Interview: Glenn Busch By Tim Veling
Glenn Busch was initially drawn to photography through its biographical and documentary possibilities. In 1973, he had his first exhibition and founded Auckland’s first contemporary photography gallery. Busch’s photographs, like those of his sometime collaborator Bruce Connew, are firmly entrenched in the social realist tradition of Dorothea Lange and Walker Evans.
This interview originally appeared in Photoforum at 40: Counterculture, Clusters and Debate in New Zealand, edited by Nina Seja, published by Rim Books in 2014.
TV: So to begin with, can you tell me a little bit about how you got interested in photography?
GB: Well, you might say my education was limited. I left the last of the many schools I attended a couple of months before my fifteenth birthday and I drifted around Australia and New Zealand, working in various jobs, mines, factories, sugar mills, wherever, whenever I had the need for some money. By the time I was twenty-one, I was married, I had one child and another one on the way, and I found myself living in a garage—somebody’s shed in the outer western suburbs of Sydney.
I can remember coming home on my twenty-first birthday and having a little celebration, a cake and bottle of beer.
I can remember coming home on my twenty-first birthday and having a little celebration, a cake and bottle of beer. Then, while the family took themselves off to bed, I sat there a while longer at the table thinking about myself, my life, and what the hell I was going to do with the rest of it. The copper mill I was working in at the time was not a place I wanted to stay in for the rest of my working days. In fact I’d done quite a lot of different things in my life by then, some of which had been enjoyable, even fun, but none of them—except for the birth of my daughter, and later my son—had been what you might call fulfilling. I guess you could say that I wasn’t particularly happy with the way things were and I began to wonder how I might do something more interesting, more worthwhile, with my life.
Not long after that, I went to see a movie called Blow-Up, which was the first English-speaking film by Michelangelo Antonioni, one of the great Italian film maestros. At the time I grasped very little of the social or political implications of the film; what I did find striking was this macho photographer, played in the film by David Hemmings. If I remember correctly the film opens with him photographing in a shelter for old men, making photographs for an “art project” he is working on. To me, at the time, that seemed to be cutting edge documentary—I sort of fell for that one. It’s not what I would think now, but at the time I was totally taken in by it. Certainly from where I stood at that point I suppose it looked a hell of a lot more exciting than working in a factory.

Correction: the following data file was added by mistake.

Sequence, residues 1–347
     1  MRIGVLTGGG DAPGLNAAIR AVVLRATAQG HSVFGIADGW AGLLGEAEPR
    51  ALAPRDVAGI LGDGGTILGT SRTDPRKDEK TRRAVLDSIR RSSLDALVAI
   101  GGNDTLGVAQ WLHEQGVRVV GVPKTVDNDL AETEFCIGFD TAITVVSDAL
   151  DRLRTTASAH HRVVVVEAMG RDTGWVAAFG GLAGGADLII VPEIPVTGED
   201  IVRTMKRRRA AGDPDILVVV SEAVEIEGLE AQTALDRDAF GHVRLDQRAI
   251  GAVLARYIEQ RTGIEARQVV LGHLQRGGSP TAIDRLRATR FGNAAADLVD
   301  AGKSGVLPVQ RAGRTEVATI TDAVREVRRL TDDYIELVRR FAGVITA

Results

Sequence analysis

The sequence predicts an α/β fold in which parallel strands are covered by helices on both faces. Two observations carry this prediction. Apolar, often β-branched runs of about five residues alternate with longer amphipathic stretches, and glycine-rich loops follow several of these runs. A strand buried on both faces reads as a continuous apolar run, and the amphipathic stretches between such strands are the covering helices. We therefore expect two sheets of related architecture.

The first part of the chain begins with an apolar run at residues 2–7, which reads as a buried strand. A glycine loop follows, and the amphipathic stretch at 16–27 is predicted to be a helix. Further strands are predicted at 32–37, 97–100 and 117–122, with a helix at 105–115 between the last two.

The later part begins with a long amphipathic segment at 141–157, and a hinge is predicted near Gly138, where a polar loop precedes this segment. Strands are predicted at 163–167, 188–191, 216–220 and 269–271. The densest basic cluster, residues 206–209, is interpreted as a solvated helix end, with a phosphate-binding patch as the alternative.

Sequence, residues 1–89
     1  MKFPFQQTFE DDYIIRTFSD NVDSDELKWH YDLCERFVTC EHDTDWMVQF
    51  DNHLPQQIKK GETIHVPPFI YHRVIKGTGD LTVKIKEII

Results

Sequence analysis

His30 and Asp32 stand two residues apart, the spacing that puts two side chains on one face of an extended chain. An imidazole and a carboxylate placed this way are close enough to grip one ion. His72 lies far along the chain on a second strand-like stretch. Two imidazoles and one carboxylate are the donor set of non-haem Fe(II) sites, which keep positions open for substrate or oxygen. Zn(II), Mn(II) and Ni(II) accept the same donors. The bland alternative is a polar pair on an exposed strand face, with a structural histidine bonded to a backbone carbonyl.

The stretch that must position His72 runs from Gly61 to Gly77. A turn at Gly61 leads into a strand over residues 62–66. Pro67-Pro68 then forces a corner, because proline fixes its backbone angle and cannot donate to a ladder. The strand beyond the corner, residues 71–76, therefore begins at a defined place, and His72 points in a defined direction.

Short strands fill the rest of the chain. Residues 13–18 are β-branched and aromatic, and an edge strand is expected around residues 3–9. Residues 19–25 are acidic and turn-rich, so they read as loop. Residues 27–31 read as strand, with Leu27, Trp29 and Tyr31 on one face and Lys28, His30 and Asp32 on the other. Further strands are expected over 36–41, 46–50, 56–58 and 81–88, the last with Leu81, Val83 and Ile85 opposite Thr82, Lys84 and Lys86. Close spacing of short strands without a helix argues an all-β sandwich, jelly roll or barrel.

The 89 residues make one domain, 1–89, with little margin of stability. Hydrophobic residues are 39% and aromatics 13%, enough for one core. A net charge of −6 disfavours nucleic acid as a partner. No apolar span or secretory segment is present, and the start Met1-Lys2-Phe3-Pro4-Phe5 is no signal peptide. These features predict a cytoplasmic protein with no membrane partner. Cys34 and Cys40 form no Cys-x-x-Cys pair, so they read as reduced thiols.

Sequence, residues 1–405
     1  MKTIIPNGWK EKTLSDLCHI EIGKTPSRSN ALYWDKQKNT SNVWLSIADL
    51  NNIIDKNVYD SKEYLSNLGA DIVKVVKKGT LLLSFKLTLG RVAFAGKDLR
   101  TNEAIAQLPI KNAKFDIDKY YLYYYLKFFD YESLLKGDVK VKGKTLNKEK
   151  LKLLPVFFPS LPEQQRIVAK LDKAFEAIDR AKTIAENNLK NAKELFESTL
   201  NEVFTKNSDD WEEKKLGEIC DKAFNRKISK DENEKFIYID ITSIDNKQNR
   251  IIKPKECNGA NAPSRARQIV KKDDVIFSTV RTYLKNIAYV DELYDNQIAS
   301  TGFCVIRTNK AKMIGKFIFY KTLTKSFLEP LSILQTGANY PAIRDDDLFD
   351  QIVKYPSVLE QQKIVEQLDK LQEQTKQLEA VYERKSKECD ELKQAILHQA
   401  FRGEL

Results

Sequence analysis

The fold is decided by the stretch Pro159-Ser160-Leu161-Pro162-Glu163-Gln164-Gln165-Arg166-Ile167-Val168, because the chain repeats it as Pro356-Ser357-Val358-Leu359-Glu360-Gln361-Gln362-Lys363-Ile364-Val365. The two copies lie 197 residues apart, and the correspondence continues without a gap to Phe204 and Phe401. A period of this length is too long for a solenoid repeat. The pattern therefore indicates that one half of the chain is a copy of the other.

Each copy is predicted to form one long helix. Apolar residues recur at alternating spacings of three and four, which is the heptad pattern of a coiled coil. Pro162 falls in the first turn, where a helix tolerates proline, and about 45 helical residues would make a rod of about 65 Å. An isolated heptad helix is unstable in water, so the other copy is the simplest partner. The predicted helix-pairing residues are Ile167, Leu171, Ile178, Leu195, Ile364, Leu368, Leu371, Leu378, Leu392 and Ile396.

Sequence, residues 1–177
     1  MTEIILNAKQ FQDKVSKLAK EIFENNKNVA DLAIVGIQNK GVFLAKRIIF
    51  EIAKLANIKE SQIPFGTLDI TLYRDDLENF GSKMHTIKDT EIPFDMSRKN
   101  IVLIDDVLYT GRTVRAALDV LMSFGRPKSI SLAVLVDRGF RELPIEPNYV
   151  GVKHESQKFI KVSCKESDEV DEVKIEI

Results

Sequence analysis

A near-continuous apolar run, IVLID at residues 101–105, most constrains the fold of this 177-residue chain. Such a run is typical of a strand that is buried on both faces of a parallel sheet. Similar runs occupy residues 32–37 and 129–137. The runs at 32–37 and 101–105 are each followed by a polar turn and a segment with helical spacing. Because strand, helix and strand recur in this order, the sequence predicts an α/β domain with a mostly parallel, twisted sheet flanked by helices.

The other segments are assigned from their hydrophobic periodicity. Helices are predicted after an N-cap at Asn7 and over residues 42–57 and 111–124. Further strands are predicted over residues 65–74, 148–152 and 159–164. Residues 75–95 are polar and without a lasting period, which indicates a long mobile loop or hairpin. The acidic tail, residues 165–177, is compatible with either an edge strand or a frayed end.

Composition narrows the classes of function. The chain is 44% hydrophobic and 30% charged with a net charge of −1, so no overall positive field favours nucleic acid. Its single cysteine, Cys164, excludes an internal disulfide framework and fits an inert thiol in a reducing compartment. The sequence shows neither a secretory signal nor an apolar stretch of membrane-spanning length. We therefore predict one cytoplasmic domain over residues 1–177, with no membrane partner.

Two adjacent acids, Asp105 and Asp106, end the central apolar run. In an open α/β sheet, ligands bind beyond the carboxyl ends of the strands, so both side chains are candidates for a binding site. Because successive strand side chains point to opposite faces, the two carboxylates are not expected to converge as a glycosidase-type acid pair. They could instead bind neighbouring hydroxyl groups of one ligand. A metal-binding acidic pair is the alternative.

Not long after seeing the movie I saw an ad in the in the Sydney Morning Herald—a photographer advertising classes in photography—and I thought, “Well, why not.” So I went along to this class. It was held in a rather dingy Sydney office space. There were a few chairs scattered around, and two or three large aluminum reflector lamps—flood lamps—on stands, at the front of the room. As we came in the door he took five pounds from each of the eight or nine people that turned up. And then, using his pretty assistant as his model, proceeded to show us how lights shone from different directions created different visual effects. I found it extremely boring and although I told him I would come to his next lesson, I never returned.
I think the second thing I did was go to a camera club meeting one day. They invited me on a field trip out to a beach of petrified wood. I remember them as kind people who did a good line in sandwiches. They were also quite pedantic about how photographs should be made, there seemed to be a lot of written and unwritten rules—the idea that maybe there should be no rules at all seemed an anathema to them. I remember I enjoyed the day. I still have a piece of that petrified wood somewhere I think, but once again I was bored silly.